A Hopeful Sign, But Not Cause for Complacency
The increase in consumer prices between January and February suggests that the threat of deflation may be less imminent than it appeared during the previous five months of falling prices. Whereas three provinces actually posted negative inflation rates in January, all posted positive inflation rates in February.
Todayâ€™s Bloomberg report begins by noting that this data “may ease pressure on the Bank of Canada to take additional measures to stem the recession.” IfÂ central bankers were to interpret todayâ€™s inflation numbers as a call to inaction, that would be a misinterpretation.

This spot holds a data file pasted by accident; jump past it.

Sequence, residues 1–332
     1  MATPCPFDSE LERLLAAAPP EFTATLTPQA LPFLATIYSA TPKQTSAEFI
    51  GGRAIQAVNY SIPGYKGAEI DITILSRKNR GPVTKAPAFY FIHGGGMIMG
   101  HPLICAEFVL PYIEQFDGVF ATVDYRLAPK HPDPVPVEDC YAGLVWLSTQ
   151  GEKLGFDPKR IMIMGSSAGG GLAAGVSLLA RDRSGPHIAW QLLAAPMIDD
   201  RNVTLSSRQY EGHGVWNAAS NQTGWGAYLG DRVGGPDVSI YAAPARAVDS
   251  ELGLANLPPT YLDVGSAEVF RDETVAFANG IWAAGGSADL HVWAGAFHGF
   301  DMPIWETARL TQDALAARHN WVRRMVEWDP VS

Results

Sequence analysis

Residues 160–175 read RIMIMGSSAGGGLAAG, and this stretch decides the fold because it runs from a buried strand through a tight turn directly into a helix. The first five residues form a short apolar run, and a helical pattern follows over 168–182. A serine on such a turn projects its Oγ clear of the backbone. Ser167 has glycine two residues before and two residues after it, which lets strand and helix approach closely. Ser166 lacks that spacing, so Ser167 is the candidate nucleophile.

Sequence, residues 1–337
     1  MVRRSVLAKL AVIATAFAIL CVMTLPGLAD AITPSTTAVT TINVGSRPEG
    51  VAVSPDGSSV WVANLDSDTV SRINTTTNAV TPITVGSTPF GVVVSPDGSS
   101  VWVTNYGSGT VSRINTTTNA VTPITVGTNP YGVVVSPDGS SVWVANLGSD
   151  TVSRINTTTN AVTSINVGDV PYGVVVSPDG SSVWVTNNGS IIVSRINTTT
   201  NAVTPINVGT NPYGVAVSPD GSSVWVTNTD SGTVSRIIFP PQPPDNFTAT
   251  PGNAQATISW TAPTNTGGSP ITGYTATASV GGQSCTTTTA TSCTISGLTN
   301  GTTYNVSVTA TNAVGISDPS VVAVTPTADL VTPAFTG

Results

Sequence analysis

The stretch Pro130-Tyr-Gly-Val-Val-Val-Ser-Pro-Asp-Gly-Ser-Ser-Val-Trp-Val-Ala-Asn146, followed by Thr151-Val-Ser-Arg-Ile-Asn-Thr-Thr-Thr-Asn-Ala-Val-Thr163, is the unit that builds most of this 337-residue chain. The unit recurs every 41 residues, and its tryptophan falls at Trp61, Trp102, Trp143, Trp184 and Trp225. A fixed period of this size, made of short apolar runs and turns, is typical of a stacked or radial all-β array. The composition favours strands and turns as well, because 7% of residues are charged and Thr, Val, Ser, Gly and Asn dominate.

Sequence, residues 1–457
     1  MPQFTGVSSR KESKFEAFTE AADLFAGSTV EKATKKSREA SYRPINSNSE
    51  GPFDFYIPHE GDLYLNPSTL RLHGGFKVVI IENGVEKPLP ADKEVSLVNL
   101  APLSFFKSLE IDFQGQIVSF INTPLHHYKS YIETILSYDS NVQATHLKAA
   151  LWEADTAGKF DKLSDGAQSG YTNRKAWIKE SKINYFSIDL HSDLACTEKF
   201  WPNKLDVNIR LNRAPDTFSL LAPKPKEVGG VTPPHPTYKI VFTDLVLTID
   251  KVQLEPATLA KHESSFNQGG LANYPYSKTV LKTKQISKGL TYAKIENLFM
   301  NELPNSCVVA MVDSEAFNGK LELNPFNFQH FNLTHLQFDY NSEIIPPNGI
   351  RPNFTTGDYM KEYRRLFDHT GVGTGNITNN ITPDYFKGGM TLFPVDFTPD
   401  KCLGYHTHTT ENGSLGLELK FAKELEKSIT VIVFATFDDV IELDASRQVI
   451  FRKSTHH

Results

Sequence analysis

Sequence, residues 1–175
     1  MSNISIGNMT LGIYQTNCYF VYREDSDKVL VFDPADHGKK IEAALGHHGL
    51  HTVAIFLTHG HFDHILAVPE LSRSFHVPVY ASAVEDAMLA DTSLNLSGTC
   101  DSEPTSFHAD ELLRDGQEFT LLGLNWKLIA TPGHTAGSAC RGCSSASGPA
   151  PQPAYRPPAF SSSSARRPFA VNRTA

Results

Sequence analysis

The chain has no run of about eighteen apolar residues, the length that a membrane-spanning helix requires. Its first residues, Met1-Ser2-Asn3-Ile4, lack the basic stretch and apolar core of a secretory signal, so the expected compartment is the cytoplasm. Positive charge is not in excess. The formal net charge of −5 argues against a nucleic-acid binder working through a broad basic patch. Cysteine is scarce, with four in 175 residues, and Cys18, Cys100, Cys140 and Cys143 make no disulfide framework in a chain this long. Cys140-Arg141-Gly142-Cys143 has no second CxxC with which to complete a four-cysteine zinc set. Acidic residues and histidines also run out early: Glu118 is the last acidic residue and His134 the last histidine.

The risk of deflation has not disappeared. One month does not make a trend, especially since Februaryâ€™s up-tick was driven by volatile items such as gasoline, food and mortgage-interest costs. The Bank of Canadaâ€™s core inflation rate (which excludes these items) did not increase at all, remaining below the 2% target.
In formulating monetary policy, todayâ€™s better-than-expected inflation report must be weighed against worse-than-expected reports on output and employment. Even if the prospect of deflation has diminished, the Canadian economy still needs all possible stimulus to restore growth and create jobs. The Bank of Canada was right to raise the possibility of “credit and quantitative easing” and should also consider targeting a 0% interest rate.
UPDATE (March 20): Quoted by Canadian Press